Days ago, more than 20 farm and biofuel groups, including the American Farm Bureau and the National Farmers Union, also sent this letter asking President Trump to reject “an appeal of the court decision, given the clarity, unanimity, and strength of the ruling.”
What are the drivers of the markets at this time? What do you think the USDA Outlook Forum is going to say? Why is there such a big difference on opinions on market direction? Any updates on the Phase One Trade deal? How does the demand from the ethanol industry look?
Kansas Corn is partnering with Renew Kansas to host the Kansas Corn-Fed Ethanol Seminar. Happening on March 4 at American Ag Credit, 4105 N. Ridge Rd., Wichita, this seminar will provide attendees with updates and learning opportunities covering a broad view of the ethanol industry.
“With nearly one-third of Kansas corn going directly into ethanol production,” said Kansas Corn Director of Industry Relations Stacy Mayo-Martinez. “It is important for those in the corn and agriculture industry to understand the market, the opportunities and the hurdles to better grasp how it affects Kansas corn prices. This is a unique learning opportunity and we are proud to partner with Renew Kansas.”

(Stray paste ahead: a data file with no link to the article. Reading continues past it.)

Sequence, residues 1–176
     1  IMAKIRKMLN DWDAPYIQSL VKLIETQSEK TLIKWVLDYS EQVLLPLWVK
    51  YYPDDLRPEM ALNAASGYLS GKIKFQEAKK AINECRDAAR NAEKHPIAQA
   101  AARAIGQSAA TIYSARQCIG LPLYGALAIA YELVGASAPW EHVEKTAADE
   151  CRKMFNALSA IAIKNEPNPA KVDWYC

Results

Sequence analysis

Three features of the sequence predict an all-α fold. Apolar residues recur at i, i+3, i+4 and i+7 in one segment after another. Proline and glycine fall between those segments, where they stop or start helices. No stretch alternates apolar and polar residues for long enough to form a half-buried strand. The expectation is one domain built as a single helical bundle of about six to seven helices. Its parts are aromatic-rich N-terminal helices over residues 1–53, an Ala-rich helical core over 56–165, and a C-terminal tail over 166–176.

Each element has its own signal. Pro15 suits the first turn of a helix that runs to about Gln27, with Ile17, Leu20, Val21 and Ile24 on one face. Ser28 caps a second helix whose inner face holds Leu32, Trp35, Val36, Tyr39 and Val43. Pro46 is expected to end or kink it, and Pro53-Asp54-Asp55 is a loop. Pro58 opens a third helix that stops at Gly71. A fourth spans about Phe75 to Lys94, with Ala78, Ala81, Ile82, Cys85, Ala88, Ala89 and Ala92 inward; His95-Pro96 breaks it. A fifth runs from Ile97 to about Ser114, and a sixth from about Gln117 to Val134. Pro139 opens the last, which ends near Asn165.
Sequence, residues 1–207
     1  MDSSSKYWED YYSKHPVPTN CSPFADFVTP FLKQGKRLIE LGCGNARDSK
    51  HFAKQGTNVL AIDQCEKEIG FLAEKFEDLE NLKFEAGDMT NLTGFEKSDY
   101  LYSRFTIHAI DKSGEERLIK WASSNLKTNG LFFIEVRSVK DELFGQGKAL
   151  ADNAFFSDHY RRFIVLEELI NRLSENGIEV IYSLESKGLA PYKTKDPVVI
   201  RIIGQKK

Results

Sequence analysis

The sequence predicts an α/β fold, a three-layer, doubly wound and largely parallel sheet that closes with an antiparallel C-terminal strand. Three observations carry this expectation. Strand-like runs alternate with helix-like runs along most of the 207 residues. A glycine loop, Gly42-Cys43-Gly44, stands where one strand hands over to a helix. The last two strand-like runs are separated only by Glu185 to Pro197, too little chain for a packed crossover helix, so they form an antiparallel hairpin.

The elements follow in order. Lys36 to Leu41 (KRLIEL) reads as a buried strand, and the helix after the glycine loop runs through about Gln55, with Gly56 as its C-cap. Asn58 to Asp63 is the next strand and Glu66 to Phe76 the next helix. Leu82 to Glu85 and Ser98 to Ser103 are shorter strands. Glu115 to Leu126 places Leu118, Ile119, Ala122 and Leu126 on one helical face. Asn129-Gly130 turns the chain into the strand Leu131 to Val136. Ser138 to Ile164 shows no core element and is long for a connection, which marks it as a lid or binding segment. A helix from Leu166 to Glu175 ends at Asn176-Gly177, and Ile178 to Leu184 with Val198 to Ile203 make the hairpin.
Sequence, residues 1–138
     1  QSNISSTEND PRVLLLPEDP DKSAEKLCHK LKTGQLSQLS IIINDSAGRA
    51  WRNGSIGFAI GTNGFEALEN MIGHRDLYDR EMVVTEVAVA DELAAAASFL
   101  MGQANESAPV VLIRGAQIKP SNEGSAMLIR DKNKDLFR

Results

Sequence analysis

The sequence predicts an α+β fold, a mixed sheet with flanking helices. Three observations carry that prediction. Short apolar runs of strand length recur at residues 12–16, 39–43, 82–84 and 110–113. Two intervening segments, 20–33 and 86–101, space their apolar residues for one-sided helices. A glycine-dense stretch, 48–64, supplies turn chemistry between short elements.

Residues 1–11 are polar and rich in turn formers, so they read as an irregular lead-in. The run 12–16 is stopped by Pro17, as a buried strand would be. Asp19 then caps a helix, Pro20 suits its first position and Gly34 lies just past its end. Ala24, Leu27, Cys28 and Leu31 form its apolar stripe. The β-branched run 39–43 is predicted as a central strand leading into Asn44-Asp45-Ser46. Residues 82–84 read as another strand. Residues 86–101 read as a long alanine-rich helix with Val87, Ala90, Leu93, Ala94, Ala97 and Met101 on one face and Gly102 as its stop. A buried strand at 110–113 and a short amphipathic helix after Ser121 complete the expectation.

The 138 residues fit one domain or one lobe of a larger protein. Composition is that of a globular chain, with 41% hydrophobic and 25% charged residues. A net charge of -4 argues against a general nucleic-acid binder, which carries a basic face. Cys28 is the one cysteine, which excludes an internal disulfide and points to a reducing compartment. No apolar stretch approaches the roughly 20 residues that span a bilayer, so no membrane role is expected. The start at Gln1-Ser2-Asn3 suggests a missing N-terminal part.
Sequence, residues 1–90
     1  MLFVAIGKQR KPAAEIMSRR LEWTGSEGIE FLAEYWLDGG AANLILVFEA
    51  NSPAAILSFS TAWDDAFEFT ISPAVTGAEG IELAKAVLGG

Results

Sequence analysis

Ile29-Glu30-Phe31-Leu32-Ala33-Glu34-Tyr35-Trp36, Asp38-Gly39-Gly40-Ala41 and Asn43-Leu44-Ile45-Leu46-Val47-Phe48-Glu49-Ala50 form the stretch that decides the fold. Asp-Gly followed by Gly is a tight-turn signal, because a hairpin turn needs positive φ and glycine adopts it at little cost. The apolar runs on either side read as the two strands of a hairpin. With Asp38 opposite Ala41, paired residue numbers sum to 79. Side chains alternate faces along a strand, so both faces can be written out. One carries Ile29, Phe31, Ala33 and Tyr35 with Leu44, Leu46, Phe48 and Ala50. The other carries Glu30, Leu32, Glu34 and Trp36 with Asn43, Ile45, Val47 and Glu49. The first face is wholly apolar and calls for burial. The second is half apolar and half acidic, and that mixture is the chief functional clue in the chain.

The seminar will explore ethanol export opportunities; barriers to increased ethanol use and connecting consumers with ethanol blends. A fuel retailer panel and an expert panel on economic impact and plant innovation will round out the seminar.
Kansas is a significant ethanol producing state producing about 500 million gallons of ethanol per year and represents a significant market for corn producers. About one-third of Kansas corn is used to make ethanol and DDGS feed, the co-product of ethanol production.
Those interested in the event can find more information and register online at https://kscorn.com/cornfedethanol/.
Kansas Corn represents corn farmers in Kansas, while Renew Kansas represents the state’s ethanol industry. For more information, visit kscorn.com and renewkansas.com